Air pollution is more dangerous to the health of the average person on planet Earth than smoking or alcohol. What’s more, the threat is worsening in its global epicenter – South Asia – even as China quickly improves. However, the level of funding set aside to confront the challenge is a fraction of the amount set aside to fight infectious diseases.
This is according to a new study from the Energy Policy Institute at the University of Chicago (EPIC). The research used a 2021 cutoff for its data.
Fine particulate air pollution
EPIC’s annual Air Quality Life Index (AQLI) report showed that fine particulate air pollution remains the “greatest external threat to public health”. This type of pollution is created by vehicle exhausts, industrial emissions, and wildfires, amongst other sources.
Fine particulate matter has a diameter of 2.5 microns or less (PM2.5). Air pollution concentrations are detected by satellite, and then fed into the AQLI metric. This, in turn, calculates their impact on life expectancy based on peer-reviewed methods.
Research has linked fine particulate pollution to lung disease, heart disease, strokes, and cancer. If the world were to permanently reduce these pollutants to meet the World Health Organization’s (WHO) guideline limit, the average person would add 2.3 years onto their life expectancy. Tobacco use, by comparison, reduces global life expectancy by 2.2 years. Meanwhile, child and maternal malnutrition is responsible for a reduction of 1.6 years.
Asia and Africa bear the greatest burden. However, they have some of the weakest infrastructure to deliver citizens timely, accurate data. They also receive tiny slices of an already small global philanthropic pie. For example, the entire continent of Africa receives less than $300,000 to tackle air pollution. While there is an international financing partnership called the Global Fund that disburses $4bn annually on HIV/AIDS, malaria, and tuberculosis, there is no equivalent for air pollution.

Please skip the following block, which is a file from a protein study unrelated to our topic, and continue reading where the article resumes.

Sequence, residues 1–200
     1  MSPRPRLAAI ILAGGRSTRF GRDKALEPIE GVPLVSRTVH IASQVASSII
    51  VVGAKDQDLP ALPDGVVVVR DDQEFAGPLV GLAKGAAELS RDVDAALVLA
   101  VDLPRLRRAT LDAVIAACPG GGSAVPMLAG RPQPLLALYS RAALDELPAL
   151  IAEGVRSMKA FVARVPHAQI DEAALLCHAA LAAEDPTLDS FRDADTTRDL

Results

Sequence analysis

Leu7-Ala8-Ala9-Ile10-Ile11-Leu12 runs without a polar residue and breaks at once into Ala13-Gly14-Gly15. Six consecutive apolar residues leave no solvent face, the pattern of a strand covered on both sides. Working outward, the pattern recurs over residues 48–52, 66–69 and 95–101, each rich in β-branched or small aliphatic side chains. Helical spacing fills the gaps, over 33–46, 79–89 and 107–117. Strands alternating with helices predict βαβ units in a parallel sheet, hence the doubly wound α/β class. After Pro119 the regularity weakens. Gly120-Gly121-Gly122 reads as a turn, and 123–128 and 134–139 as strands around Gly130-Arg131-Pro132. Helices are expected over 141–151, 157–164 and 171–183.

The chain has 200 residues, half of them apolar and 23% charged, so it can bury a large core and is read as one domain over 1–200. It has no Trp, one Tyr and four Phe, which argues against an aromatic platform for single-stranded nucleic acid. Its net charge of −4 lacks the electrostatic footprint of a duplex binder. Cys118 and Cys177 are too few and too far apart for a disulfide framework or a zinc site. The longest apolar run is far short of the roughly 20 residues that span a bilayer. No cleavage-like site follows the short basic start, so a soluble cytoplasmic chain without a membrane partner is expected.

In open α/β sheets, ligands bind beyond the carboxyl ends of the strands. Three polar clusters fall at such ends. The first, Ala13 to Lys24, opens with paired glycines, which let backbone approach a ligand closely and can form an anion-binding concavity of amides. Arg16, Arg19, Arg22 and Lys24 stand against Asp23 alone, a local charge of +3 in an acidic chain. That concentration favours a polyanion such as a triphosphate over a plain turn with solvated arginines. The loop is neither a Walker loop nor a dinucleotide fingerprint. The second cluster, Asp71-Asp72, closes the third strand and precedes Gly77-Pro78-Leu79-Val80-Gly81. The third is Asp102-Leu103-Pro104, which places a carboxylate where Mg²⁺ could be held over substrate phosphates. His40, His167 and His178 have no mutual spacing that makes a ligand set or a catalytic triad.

Bangladesh tops ranking
Globally, South Asia is the worst affected region. Bangladesh, India, Nepal, and Pakistan are – in order – the top four most-polluted countries in terms of annualized, population-weighted averages of fine particulate matter.
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In Bangladesh, the average PM2.5 levels were 74 micrograms per cubic meter. Its residents would gain 6.8 years of life if their country brought this down to WHO guidelines of 5 micrograms per cubic meter. India’s capital Delhi, meanwhile, is the “most polluted megacity in the world”. Its annual average particulate pollution is some 126.5 micrograms per cubic meter.
China, on the other hand, “has had remarkable progress in terms of its war on air pollution”, which began in 2014. Its air pollution dropped 42.3% between 2013 and 2021. If China sustains these improvements, its average citizen should live 2.2 years longer.
However, climate change is increasing the threat of wildfires through hotter temperatures and drier conditions. These fires are causing pollution spikes from the western United States to Latin America and Southeast Asia.
For example, California’s historic wildfire season of 2021 saw Plumas County receive an average concentration of fine particulate matter more than five times over the WHO guideline.
All of this goes to show the interconnected nature of the threat facing humanity. Polluting emissions worsen global warming, which increases the chance of wildfires, which release more fine particulates into the air. It is only by addressing our deadly reliance on fossil fuels that we can hope to curb the worst effects of this vicious cycle.
Additional reporting via Agence France-PresseSupport us and go ad-free
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